Tech

Zuckerberg Ordered ‘Lockdown’ At Facebook The Day Google+ Was Unveiled

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Ted Goodman Reporter
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Mark Zuckerberg reportedly came unglued on the day that Google launched its competing social network, Google Plus in June 2011, according to ousted former Facebook manager Antonio Garcia Martinez.

In a piece for Vanity Fair, an adapted excerpt from his new book, Chaos Monkeys: Obscene Fortune and Random Failure in Silicon Valley, Martinez writes:

He declared “Lockdown,” the first and only one during my time there. As was duly explained to the more recent employees, Lockdown was a state of war that dated to Facebook’s earliest days, when no one could leave the building while the company confronted some threat, either competitive or technical.

Martinez, a former Facebook manager and CEO of AdGrok, explains, “that Facebook employees received an e-mail the day Google Plus launched, instructing employees to meet up for an announcement where Zuckerberg explained to Facebook’s employees that they were engaged in a zero-sum contest and challenged his team to ensure victory.”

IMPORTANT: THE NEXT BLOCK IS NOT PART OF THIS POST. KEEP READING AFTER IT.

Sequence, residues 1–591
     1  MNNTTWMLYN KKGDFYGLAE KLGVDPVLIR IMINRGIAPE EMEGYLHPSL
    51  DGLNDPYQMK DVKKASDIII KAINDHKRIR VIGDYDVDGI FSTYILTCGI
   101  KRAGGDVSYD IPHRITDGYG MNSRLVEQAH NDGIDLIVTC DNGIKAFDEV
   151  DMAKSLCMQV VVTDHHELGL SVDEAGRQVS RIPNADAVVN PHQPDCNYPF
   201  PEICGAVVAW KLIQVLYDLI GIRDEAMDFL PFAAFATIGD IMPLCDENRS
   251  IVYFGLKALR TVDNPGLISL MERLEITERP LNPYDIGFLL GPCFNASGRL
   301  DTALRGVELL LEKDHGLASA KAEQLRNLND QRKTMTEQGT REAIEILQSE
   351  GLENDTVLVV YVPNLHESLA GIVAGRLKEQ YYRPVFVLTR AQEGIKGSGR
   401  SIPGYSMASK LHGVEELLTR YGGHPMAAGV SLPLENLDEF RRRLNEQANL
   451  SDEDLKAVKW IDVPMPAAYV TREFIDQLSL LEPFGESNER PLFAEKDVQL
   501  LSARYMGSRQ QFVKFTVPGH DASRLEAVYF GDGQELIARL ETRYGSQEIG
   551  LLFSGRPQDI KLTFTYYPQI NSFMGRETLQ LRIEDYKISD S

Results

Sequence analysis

Martinez called Zuckerberg’s speech “aloof,” “geek-speak,” and “borderline psychopathic.” Facebook reportedly printed posters with CARTHAGO DELENDA EST and a Roman centurion’s helmet. The poster was distributed throughout the office akin to a state propaganda campaign.

A Google search tool, YouTube, and Gmail that is integrated seamlessly with Google Plus had the potential to threaten Facebook and its very livelihood. Numerous factors hindered Google Plus from ever legitimately competing with Facebook, ranging from their efforts to be too much like Facebook to being late to both the social media market and being slow to move into the mobile market.

It’s not all bad for Zuck in Martinez’ eyes though, the first sentence of the excerpt states unequivocally, “Mark Zuckerberg is a genius.” The full book is expected to release on June 28.

You can read the full excerpt at Vanity Fair here.

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